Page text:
OAO PhosAgro (PHOR) fell the most in two weeks as its controlling owners sell shares after the price of Europe’s largest phosphate-fertilizer producer rose to a record.
PhosAgro tumbled as much as 5.7 percent and traded down 4.6 percent at 1,317 rubles by 1:06 p.m. in Moscow, the steepest intraday drop since March 26. The stock lost 4.9 percent to $14.05 in London. The amount of shares traded was 189,223, equivalent to about 53 percent of the three-month average.
PhosAgro’s stock has dropped 5.6 percent since reaching a record high of 1,394.5 on April 5. A group of companies controlled by Andrey Guryev and his family is offering a 9 percent stake in the form of shares and global depositary receipts, according to a statement from PhosAgro late yesterday. They will reinvest about 45 percent of the proceeds in new stock issued by the Russian company, according to the statement.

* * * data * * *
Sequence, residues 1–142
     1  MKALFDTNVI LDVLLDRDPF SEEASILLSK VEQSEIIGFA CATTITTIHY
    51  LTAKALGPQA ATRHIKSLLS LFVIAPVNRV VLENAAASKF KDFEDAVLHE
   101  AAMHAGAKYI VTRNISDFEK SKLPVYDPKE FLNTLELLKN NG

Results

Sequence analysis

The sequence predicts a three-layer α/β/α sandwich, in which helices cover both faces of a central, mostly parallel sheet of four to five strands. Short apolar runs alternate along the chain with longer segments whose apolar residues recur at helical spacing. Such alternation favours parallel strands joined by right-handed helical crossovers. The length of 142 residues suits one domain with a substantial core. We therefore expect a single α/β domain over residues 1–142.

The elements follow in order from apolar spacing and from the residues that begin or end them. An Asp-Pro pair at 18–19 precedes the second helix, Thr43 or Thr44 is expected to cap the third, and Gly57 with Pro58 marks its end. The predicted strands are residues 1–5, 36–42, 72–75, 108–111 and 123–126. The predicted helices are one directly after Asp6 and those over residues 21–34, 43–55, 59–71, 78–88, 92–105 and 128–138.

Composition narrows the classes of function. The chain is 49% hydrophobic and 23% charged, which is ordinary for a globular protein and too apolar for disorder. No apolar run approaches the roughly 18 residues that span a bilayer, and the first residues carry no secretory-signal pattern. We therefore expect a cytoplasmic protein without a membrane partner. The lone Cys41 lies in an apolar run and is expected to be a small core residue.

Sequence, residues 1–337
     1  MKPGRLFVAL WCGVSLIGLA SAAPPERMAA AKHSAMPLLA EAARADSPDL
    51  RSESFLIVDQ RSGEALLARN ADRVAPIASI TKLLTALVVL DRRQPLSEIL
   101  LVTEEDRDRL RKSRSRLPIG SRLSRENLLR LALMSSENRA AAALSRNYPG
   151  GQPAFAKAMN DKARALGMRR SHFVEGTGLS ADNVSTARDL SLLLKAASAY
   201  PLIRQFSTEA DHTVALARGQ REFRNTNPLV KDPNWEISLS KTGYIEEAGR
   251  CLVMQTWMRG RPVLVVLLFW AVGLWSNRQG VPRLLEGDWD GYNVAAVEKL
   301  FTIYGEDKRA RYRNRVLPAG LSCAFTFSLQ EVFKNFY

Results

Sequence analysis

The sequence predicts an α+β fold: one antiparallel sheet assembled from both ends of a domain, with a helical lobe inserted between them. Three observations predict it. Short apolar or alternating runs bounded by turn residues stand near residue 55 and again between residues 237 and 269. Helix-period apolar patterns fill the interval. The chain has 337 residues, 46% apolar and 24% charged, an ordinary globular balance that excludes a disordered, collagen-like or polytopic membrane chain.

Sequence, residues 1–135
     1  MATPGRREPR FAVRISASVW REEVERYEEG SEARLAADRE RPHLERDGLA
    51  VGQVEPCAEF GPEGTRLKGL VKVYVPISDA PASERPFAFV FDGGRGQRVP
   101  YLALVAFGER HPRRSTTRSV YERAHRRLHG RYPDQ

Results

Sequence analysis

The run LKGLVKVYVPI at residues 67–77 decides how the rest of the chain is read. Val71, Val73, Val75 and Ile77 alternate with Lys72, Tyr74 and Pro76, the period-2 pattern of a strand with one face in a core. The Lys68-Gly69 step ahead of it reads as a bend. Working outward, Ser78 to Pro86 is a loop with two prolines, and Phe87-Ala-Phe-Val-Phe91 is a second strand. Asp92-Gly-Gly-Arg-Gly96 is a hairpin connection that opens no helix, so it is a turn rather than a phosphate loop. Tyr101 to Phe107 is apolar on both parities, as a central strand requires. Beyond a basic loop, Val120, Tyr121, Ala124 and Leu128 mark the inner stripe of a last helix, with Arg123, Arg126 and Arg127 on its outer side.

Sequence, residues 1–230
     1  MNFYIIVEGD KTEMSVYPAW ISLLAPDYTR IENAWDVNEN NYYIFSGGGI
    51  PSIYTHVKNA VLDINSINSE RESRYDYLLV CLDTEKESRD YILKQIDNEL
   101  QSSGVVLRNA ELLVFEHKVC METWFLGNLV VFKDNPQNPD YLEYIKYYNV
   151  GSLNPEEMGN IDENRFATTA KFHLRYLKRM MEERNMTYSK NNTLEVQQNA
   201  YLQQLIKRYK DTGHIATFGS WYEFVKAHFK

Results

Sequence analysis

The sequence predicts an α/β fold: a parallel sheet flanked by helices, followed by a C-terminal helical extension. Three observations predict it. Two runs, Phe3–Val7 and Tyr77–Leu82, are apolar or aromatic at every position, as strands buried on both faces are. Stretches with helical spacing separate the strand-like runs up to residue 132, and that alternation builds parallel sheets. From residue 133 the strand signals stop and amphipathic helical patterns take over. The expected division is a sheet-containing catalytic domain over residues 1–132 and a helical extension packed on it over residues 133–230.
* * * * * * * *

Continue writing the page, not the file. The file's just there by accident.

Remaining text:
“We believe that pressure on the share price will probably remain in the short term,” UralSib analysts said in an e-mailed note today. “In the long term, the appeal of the shares will increase as the overhang risk eases and the free-float increases by about 150 percent.”
The offering may expand Phosagro’s free float to about 19 percent, opening the possibility of entry into the MSCI Inc. indexes and expanding its investor base, Denis Gabrielik, an analyst at Otkritie Capital in Moscow, said by e-mail. PhosAgro’s initial public offering in 2011 raised $565 million through the sale of a 10.7 percent stake in the producer.
Adorabella Ltd., Chlodwig Enterprises Ltd. and Miles Ahead Management Ltd. are selling the shares in the offering, PhosAgro said yesterday. The companies represent the interests of the Guryev family, according to a February Eurobond prospectus on the company’s website.
To contact the reporters on this story: Yuliya Fedorinova in Moscow at firstname.lastname@example.org; Ksenia Galouchko in Moscow at email@example.com
To contact the editor responsible for this story: Wojciech Moskwa at firstname.lastname@example.org